UMass Boston's independent, student-run newspaper

The Mass Media

The Mass Media

The Mass Media

Orville Wright Memorialized

Wright playing piano.
Wright playing piano.

Last May the world lost Orville Wright to cancer. He was a father, a husband, a student, a professor, a musician, a composer, a traveler, a writer and a mentor. Professor Wright served as chair of music, theater, and dance for UMass Boston’s Department of Performing Arts since 2007, and first came to campus in 2004.

“In seven years he had a tremendous and extraordinary impact in the Department of Performing Arts, on the music program and really on the culture of the university,” said Robert Lublin, who took over the chair after Professor Wright. Lublin first met Wright when he arrived on campus in 2004.

Professor David Pruett spoke of Professor Wright as a “very powerful personality, very commanding, very kind, very gentle, also fun-loving.” Said Pruett, “Our faculty meetings were a fun atmosphere.”

Student Chris Bilodeau knew Professor Wright well enough to speak of him at the memorial UMass Boston held in November.

“He was very demanding, and students would be kind of intimidated to go talk with him,” said Bilodeau, who felt an instant connection with Professor Wright over their love and passion for jazz. “He gave hours and hours of time during class, outside of class talking about jazz theory, jazz harmony, anything.”

“He got all the students brand new Yamaha pianos in the practice rooms and made sure they were always tuned and kept up,” said Bilodeau, who would often be chosen by Professor Wright to perform gigs at special events held at UMass Boston. “He was generous that way. He could have done the gigs himself but he gave it to the students,” he added.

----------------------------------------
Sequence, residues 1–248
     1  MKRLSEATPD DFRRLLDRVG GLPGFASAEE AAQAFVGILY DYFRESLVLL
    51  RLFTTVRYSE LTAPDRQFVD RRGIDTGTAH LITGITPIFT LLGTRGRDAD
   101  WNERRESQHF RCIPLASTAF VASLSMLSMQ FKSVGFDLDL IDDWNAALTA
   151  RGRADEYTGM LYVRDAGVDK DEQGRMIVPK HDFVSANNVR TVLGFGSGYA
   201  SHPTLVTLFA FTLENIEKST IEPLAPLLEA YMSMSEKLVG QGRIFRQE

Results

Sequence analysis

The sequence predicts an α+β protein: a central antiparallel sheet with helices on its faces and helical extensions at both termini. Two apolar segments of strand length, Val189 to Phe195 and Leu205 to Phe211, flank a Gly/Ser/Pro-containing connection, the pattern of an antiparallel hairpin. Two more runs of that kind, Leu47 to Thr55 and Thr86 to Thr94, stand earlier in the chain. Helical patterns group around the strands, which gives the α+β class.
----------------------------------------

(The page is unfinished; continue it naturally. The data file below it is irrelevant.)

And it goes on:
Professor Wright did not always hand off gigs to students. He composed the music for the Chancellor Motley’s induction in 2007.

Wright began his musical training as a child in Trinidad and Tobago, where he was born, before coming to Boston in 1970 to study arranging and composition at the Berklee College of Music. Upon graduation he joined their faculty, and, in 1985, became the chair of Berklee’s Ensemble Department. At the same time, Wright attended or performed at music seminars, clinics and jazz festivals in Japan, Italy, South Africa, Poland and Puerto Rico.

Wright’s death came as a shock to students and faculty. After being diagnosed with pancreatic cancer in February of this year and leaving his position to undergo treatment, he passed away in May.

“He looked extremely healthy, very strong. He worked out regularly, and it was quite surprising,” said Professor Lublin.

Wright leaves behind three children and his wife, a UMass Boston alumna. He also leaves a faculty and student body that will no longer be able to tap a well of experience from a man who would, as Pruett said, “go above and beyond what he had to do for students and faculty.”